Almost 50,000 members of the military, police and firefighting services were taking part in searches for people trapped, wounded or dead as a result of the floods, reported the Japan Times.
Residential buildings are damaged by a landslide caused by heavy rains in Sakacho, Hiroshima prefecture, south western Japan.
The agency warned that Japan's Kinki region, which includes Kyoto, Hyogo and Osaka prefectures, could be particularly hard-hit by downpours, escalating the risk of floods, landslides, lightning and tornadoes.
In Ehime prefecture, a woman was found dead on the second floor of a home hit by a landslide, Kyodo said.More news: Lions eat 'rhino poachers' on South African game reserve
Heavy rain on Japan has triggered floods and landslides, leaving at least three people dead and several missing.
In the prefectural capital of Hiroshima, a vehicle with a mother with her three children was swept away by flood waters in the city's Aki Ward.
By Saturday morning, more than 1.6 million people were ordered to evacuate their homes amid fears of flooding and further landslides, with a further 3.1 million advised to leave, the Fire and Disaster Management Agency said.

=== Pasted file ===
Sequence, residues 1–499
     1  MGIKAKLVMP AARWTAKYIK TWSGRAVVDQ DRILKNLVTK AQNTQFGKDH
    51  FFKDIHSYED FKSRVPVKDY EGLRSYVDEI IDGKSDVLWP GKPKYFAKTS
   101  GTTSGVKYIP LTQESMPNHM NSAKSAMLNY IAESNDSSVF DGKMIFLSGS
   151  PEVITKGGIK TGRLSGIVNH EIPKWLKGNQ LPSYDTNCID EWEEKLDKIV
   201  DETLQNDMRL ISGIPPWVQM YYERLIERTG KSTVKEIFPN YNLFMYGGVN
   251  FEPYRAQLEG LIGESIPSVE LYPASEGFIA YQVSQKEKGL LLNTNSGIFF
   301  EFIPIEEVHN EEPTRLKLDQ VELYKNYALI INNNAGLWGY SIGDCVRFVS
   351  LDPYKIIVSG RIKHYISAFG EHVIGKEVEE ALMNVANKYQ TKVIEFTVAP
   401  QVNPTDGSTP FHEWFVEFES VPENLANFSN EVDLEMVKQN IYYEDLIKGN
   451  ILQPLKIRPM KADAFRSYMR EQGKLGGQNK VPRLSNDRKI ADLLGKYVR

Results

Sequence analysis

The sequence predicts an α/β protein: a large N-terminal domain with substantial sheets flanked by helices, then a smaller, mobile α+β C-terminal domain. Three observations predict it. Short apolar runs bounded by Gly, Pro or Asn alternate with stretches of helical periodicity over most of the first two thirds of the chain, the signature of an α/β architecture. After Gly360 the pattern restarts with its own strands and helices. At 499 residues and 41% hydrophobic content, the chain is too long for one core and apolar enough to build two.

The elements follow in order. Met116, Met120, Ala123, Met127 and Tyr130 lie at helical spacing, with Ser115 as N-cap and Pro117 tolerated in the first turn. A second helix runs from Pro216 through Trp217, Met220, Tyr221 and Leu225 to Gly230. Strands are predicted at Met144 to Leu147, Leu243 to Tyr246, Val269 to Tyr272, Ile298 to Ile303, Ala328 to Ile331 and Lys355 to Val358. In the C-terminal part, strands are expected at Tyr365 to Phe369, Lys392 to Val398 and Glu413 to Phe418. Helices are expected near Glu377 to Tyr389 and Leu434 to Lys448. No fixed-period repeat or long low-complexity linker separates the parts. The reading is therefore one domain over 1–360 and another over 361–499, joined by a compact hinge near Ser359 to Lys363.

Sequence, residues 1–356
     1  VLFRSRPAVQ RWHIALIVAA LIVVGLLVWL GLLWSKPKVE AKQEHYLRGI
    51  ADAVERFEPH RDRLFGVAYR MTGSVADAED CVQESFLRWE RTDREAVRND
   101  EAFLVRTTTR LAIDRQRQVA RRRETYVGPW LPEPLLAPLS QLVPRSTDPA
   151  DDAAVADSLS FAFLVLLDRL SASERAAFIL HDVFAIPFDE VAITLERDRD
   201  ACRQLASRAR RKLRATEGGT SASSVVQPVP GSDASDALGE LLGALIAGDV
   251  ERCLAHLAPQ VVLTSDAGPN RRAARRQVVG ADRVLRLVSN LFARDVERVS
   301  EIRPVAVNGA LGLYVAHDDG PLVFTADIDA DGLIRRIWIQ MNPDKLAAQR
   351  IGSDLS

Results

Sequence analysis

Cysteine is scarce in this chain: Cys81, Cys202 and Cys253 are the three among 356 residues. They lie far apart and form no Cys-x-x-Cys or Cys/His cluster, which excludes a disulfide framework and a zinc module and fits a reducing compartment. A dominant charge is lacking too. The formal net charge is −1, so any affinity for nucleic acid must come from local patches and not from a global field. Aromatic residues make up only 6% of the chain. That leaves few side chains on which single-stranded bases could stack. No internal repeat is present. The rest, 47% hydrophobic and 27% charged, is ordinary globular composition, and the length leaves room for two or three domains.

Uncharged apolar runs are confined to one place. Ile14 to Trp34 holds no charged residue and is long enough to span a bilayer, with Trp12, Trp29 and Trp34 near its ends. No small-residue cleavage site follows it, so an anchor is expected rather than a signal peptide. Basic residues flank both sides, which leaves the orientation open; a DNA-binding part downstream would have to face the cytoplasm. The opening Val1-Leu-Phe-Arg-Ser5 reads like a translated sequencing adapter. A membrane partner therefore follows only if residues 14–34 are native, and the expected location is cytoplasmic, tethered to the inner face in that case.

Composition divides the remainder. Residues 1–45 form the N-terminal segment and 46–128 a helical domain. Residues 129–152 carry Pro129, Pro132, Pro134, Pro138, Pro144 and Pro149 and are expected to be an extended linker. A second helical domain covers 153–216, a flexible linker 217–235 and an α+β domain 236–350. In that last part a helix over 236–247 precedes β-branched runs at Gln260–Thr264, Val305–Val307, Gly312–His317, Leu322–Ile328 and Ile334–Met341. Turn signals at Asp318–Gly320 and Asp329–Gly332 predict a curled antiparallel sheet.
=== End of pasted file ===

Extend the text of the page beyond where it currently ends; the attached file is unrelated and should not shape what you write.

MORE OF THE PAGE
A woman in her 70s or 80s was reportedly found dead inside a drainage facility in central Japan, local police reported, with a number of people remaining unaccounted for, including a man in Kochi Prefecture whose milk deliver vehicle may have been washed away by a river.
In Kurashiki, Okayama Prefecture, city officials said it was hard to determine how many residents were actually missing.More news: Pompeo in Pyongyang to Seek Concrete Nuclear Commitments
Kyoto, about 300km to the east of Hiroshima, has also been hit by downpours. Landslides occurred in several locations in Hiroshima Prefecture on the night of July 6, and there are reports that residents were buried. On Saturday, rescue workers transferred them to safety, by carrying them through swiftly flowing dark waters.
Agency official Minako Sakurai told reporters heavy rain was forecast to continue until Sunday in western and eastern Japan.
"I can't remember it ever raining this heavily".
At a meeting with ministers, Prime Minister Shinzo Abe directed them to "prioritise lifesaving and send rescue crews without delay", according to Chief Cabinet Secretary Yoshihide Suga.
The heavy rains caused a suspension of bullet train services between Shin-Osaka and Kokura in Fukuoka Prefecture on the Sanyo Shinkansen Line from the first runs on July 7.More news: Musk sends engineers to help Thai boys trapped in cave